Bankers Association of Malawi (BAM) says commercial banks will react to the policy rate cut differently according to their internal business policies.
BAM chief executive officer Lyness Nkungula was reacting to a question on when the banks will pass on the benefits of the 150 basis points cut to policy rate from 13.5 percent to 12 percent announced by the Reserve Bank of Malawi (RBM) on Friday.
She said the policy rate cut will help to improve commercial banks’ capacity to lend.
Said Nkungula: “As you know, the balance sheets cannot remain the same in this period of coronavirus that has redefined many business models.
“By reducing interest rates, the central bank will help to spur business spending on capital goods, which also helps the economy’s long-term performance and can help spur household expenditures.”
On their part, economic commentators say the policy rate cut will help to reduce the cost of borrowing from commercial banks and help to stimulate economic activities.
But consumer rights activist John Kapito said in an interview yesterday that while banks take time to respond to policy rate cuts, the interest rate spread has remained wide despite the monetary authorities interventions.
He said money from the banks is expensive because of the wide spread, which hovers at around 15 percent.
Kapito, who is Consumers Association of Malawi executive director, said: “By reducing the policy rate, the benefits are supposed to accrue to banks, businesses and consumers. But we have noticed slow movement from commercial banks when the policy rate and the interest rate spread is still wide.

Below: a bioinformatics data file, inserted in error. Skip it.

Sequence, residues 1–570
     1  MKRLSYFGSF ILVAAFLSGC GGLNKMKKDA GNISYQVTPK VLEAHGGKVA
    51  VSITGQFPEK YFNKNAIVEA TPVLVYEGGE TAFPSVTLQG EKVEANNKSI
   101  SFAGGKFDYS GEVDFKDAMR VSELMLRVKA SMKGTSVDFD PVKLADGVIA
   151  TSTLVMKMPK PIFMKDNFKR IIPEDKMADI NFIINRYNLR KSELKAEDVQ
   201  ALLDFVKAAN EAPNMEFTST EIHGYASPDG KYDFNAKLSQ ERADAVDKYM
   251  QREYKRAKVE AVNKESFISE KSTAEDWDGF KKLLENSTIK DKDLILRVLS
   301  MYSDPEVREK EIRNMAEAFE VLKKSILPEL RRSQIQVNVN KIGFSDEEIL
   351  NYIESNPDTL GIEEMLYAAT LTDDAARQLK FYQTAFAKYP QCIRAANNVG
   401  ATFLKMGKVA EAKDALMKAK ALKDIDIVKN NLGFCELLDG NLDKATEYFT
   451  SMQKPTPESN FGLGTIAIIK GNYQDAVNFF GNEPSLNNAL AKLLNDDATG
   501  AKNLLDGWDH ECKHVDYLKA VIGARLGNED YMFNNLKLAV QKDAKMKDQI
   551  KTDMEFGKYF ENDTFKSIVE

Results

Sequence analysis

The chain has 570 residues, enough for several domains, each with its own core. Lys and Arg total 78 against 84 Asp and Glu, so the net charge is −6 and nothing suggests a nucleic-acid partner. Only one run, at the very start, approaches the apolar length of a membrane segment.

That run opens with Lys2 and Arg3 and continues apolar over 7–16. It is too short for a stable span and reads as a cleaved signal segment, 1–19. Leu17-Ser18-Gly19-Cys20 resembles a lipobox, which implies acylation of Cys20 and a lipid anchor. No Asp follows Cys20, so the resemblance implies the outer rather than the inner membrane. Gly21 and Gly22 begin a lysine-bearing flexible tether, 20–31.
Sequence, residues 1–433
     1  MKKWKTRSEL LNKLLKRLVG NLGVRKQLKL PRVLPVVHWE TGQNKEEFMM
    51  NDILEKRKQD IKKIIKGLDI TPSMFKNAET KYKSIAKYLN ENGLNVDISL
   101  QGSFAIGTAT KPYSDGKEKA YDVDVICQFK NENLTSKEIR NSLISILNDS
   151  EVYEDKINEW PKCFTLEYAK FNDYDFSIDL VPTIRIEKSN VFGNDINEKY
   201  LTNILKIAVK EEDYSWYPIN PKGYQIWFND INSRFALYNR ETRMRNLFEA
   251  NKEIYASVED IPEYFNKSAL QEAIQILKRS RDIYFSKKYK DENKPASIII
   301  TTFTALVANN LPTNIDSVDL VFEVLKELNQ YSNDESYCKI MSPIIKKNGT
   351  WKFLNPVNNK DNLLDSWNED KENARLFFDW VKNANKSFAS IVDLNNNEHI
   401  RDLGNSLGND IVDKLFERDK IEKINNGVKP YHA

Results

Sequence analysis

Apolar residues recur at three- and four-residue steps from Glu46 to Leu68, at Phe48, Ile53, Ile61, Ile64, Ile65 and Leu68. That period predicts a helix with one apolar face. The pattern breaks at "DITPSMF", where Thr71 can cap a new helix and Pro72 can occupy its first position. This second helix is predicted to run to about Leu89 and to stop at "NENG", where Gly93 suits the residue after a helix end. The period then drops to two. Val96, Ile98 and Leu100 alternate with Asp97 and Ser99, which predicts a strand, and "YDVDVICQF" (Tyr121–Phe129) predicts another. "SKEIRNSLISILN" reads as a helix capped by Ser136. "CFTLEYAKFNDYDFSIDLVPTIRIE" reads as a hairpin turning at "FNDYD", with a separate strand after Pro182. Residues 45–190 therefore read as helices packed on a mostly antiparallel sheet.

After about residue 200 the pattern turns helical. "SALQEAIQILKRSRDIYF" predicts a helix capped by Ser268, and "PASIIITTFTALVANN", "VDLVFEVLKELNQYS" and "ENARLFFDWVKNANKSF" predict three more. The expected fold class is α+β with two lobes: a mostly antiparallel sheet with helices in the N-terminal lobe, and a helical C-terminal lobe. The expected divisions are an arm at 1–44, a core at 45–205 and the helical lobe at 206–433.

“People are failing to pay loans and borrow funds, because of the large spread. The banks are not being honest with consumers. We need intervention from the central bank on this.”
Since June 2019, RBM had maintained the policy rate at 13.5 percent from 14.5 percent in April 2019.
During the period, reference rate has averaged 13.3 percent while savings rate has average 4.2 percent.
However, commercial bank loans have been attracting interest rate in excess of 26 percent.
On annual basis, RBM figures show that private sector credit continued to expand in 2020, albeit more slowly since June 2020.
The figures further show that the annual growth rate of private sector credit edged up to 9.9 percent in August 2020 from 5.2 percent in the previous month, but remained lower than 18.8 percent in the corresponding period of 2019.
Month-on-month, private sector credit increased by 2.6 percent (K14.3 billion) to K573.5 billion in August 2020 compared to a contraction of 1.2 percent in July 2020.
Malawi Confederation of Chambers of Commerce and Industry director of buisness environment and policy advocacy Madalitso Kazembe hopes banks will respond to the reduction in policy rate as that would lead to a reduction in cost of borrowing.